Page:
Why I Am Against CCTV For Slaughterhouses

Animal Aid, PETA and the RSPCA are just a few of the groups that are campaigning for CCTV to be mandatory in animal slaughterhouses in the UK. The obligatory e-petition has over 23,000 signatures, and the Facebook page has a similar number of followers. Being an advocate of animal rights, you would expect that I would support such a movement, but it is precisely because I am an advocate of animal rights, that I do not.

Almost my entire life I ate meat, and that is practically all I did eat. Vegetables were non-existent to me, and I had very few meals whereby a slab of flesh was not on the plate. As I grew older, and more aware of things, I knew that the lifestyle choice I had made was unethical. Perhaps a few hundred years ago meat would need to be eaten in order to sustain human life, but in the year 2014, it most certainly doesn’t.

I have been a hypocrite my entire life for advocating animal rights whilst chewing on bacon sandwiches. Presenting an argument not to harm animals on one hand, whilst playing a leading role in the ending of their lives on the other. Throughout my time in University I become more and more aware of this hypocrisy, and my desire to be a better person was held back due to the fact I was a consumer of meat.

With the encouragement of a loved one, and with a few years experience of introducing more vegetables into my diet, I took the plunge and went cold turkey. Pardon the pun. One day seven months ago I simply stopped eating meat and fish, and since then I have not looked back.

With my belief that animals do not need to die for my survival, and my belief that animals do not need to suffer for any reason, this CCTV in slaughterhouses movement strikes me as hypocritical, and selfish.

The following sentence is the opening phrase from the RSPCA website and concerns the slaughter of animals, it states: “We are concerned that the way in which many farm animals are handled and killed is not good enough in terms of animal welfare.” As you can see, it is utterly ludicrous and contradictory. In one sentence the RSPCA says it is concerned about animal welfare, whilst at the same time acknowledging that animals get killed. I am not sure how bringing premature death to a creature can be considered “welfare”.

By looking at that RSPCA sentence we can conclude that “animal welfare” involves the treatment of the animal right up until the moment it’s life is ended and it is slaughtered. At that point, welfare does not seem to exist. It is the exact same argument that people make when they argue for just war. “No Israel, you cannot use white phosphorus to kill Palestinians. Oh you weren’t? You were just using shells and missiles? Oh, well then that is fine”. “No America, you cannot use napalm to kill those Vietnamese. Oh you weren’t? You were just using mortars and flamethrowers? Oh, well carry on. Apologies for interrupting”.

By definition to conduct war is to kill, and therefore to murder. War itself goes against all principles of humane and ethical treatment, and this is the exact same case with slaughterhouses. How on earth can you make a slaughterhouse humane and ethical when its entire purpose is to slaughter animals? Its sheer existence is unethical, and no matter how hard you try and sugar-coat it, no matter how many layers of yellow paint are added, and how sweetly the air smells, it will always remain that way.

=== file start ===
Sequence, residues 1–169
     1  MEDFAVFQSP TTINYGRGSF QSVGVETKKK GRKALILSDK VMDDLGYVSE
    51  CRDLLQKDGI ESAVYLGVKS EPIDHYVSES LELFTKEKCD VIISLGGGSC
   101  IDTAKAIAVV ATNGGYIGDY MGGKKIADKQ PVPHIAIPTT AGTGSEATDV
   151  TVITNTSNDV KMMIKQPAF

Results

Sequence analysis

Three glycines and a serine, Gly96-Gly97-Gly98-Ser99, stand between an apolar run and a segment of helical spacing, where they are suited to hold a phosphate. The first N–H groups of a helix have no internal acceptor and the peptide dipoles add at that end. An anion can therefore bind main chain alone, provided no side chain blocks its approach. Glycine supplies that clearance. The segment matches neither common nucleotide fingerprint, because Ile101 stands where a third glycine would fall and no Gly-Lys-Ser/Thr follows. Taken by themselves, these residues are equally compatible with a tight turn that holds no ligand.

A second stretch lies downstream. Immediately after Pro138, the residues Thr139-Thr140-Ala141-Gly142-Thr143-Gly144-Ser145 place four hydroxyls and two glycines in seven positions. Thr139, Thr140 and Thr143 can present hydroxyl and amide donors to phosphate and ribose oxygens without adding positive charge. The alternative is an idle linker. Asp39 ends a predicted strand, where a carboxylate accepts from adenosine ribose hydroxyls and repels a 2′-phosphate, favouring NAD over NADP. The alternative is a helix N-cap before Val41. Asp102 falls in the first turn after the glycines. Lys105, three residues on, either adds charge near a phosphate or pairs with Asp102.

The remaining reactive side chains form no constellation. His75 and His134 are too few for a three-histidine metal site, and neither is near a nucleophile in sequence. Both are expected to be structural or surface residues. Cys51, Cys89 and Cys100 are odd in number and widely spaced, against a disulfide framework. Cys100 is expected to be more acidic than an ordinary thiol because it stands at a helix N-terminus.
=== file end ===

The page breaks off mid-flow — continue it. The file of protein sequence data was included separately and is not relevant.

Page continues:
Returning to the RSPCA website, they go on to say that: “All farm animals deserve a quiet, humane end to their lives, and we’re working in a number of different ways to try to ensure this.” I can only assume that by “different ways” they are referring to electrocution, snapping necks, slitting throats, bolts to the head, the cracking of skulls and other methods to bring about a “quiet, humane end” to animals life.

Call me soft, or old fashioned, but I would have thought that a “quiet, humane end” to a life would be dying naturally of old age, surrounded by your farmyard pals in Farmer John’s barn. Imagine your parents saying to you that poor old General Fluffles is getting on a bit, and so it would be best if he had a “quiet, humane end” to his life. Imagine them saying that and then taking General Fluffles out into the garden electrocuting him and then cutting his throat. There isn’t that better? He didn’t suffer at all.

I am surprised to see that PETA have lent their support to the campaign because PETA have a history of being fairly hardline on issues of animal welfare. CCTV in slaughterhouses seems like a minor issue in comparison to other movements and programmes that they support. It is as if they know that fighting against slaughterhouses in general would not be successful, and so they have shifted their focus away from the main objective and on to the treatment of animals within the slaughterhouses. Even if a “victory” were to be achieved on this issue, the end result would be the same. Billions of animals would be killed each year.

I state that it would be a “victory” were CCTV to be installed because in truth, it wouldn’t be. As much as the people behind the movement would parade it as progress, and as an achievement, it would not save any animals lives. And if you are campaigning for animal welfare, and the end result is that no animals had been saved, I am not sure there would be much to celebrate. The animals certainly won’t be feeling victorious.

This is why I believe it is a contradictory and illogical project. If it were to be implemented those that supported it could claim they have done something to benefit animals, but the animals they would claim to have helped would still get slaughtered. It seems the topic is being looked at from a human perspective, rather than an animal one. We are fully aware of the torture animals go through before they are murdered, and we feel guilty because of that, so in order to ease our own pain and guilt we put some cameras in the slaughterhouses.